There are four types of personas CIOs have to play today, says Ray Wang, principal analyst of Constellation Research.
"People see you as the chief infrastructure officer. What people also see is you are moving into chief integration officer," says Wang. "But what CIOs traditionally have not done a good job with is really the other two -- the chief intelligence officer and the chief innovation officer."
The first two roles represent the 'traditional' roles of the CIOs who find their budgets reduced, but the last two, which Wang describes as 'shadow IT', might involve looking at the cloud and renegotiating contracts.
Wang says CIOs can deliver on all these four roles by upgrading their skills.
A shadow CIO-like organisation can emerge on the business side to fill the roles of chief intelligence and chief innovation officer, says Wang. CIOs can also appoint "lieutenants" with one or more of these functions.
"You make the shadow side not necessarily go away but you can empower them to be successful," says Wang. "You need to at least give the business enough rope to move two steps ahead of you, but also not cause you to be two steps behind. Which means you are working in parallel [with them]."
But doing this is not straightforward. As Wang explains, business wants simple, sexy apps that are scalable. The CIO, on the other hand, wants an environment that is safe, secure and responsible. They have to play the responsible individual, he says. "If business wins, what happens to IT? You are stuck with the bill. What if IT wins? You don't have a business."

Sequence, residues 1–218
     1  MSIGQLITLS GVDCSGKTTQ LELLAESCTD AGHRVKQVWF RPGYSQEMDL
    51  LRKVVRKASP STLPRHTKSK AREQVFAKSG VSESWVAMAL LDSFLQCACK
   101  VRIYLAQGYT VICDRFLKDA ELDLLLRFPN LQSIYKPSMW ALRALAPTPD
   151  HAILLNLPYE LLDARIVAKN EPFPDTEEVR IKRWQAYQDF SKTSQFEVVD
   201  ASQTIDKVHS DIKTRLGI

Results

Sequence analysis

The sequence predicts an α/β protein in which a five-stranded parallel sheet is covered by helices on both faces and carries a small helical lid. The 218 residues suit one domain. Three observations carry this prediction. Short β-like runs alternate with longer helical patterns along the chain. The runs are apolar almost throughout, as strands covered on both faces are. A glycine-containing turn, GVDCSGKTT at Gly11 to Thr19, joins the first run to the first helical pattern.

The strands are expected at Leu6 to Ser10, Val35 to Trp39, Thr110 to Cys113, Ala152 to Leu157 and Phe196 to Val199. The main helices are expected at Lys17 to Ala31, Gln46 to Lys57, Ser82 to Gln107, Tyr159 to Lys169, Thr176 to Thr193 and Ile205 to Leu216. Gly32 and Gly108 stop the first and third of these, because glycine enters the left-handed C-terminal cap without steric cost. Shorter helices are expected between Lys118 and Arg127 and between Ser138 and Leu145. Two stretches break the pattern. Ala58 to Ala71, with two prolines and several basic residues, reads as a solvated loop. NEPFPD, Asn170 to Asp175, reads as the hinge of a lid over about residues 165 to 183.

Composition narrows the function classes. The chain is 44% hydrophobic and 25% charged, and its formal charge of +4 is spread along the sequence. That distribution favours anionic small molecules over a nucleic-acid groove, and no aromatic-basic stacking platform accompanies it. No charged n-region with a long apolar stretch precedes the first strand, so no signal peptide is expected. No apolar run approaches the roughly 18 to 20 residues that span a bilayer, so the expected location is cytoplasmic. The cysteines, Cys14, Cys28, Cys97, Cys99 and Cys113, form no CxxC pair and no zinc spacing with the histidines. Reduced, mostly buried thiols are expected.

He predicts that in the next two years, "Business will buy everything they can because they think they can." The CIO has to play "catch up just enough" and to figure out how to standardise, otherwise the business is going to fail.
"You need to help them think through the integration framework that is required. You have to help think of the data security and the data models that you have to put in place, the process models that are there and if you can help people get there, then at least they can move forward but not move so far apart from where you are."
Dealing with disruption
Wang underscores the importance of getting this balance of business skills and tech savvy as enterprises face massive and unprecedented levels of change. For instance, if a CIO had a five-year IT plan in 2008, it would have missed Facebook, the cloud, mobility and will be sitting with "really ugly architecture".
So much so that today's corporate divide is now between "those who get disruptive technology against those who don't." And this gap, he says, "is going to be huge".
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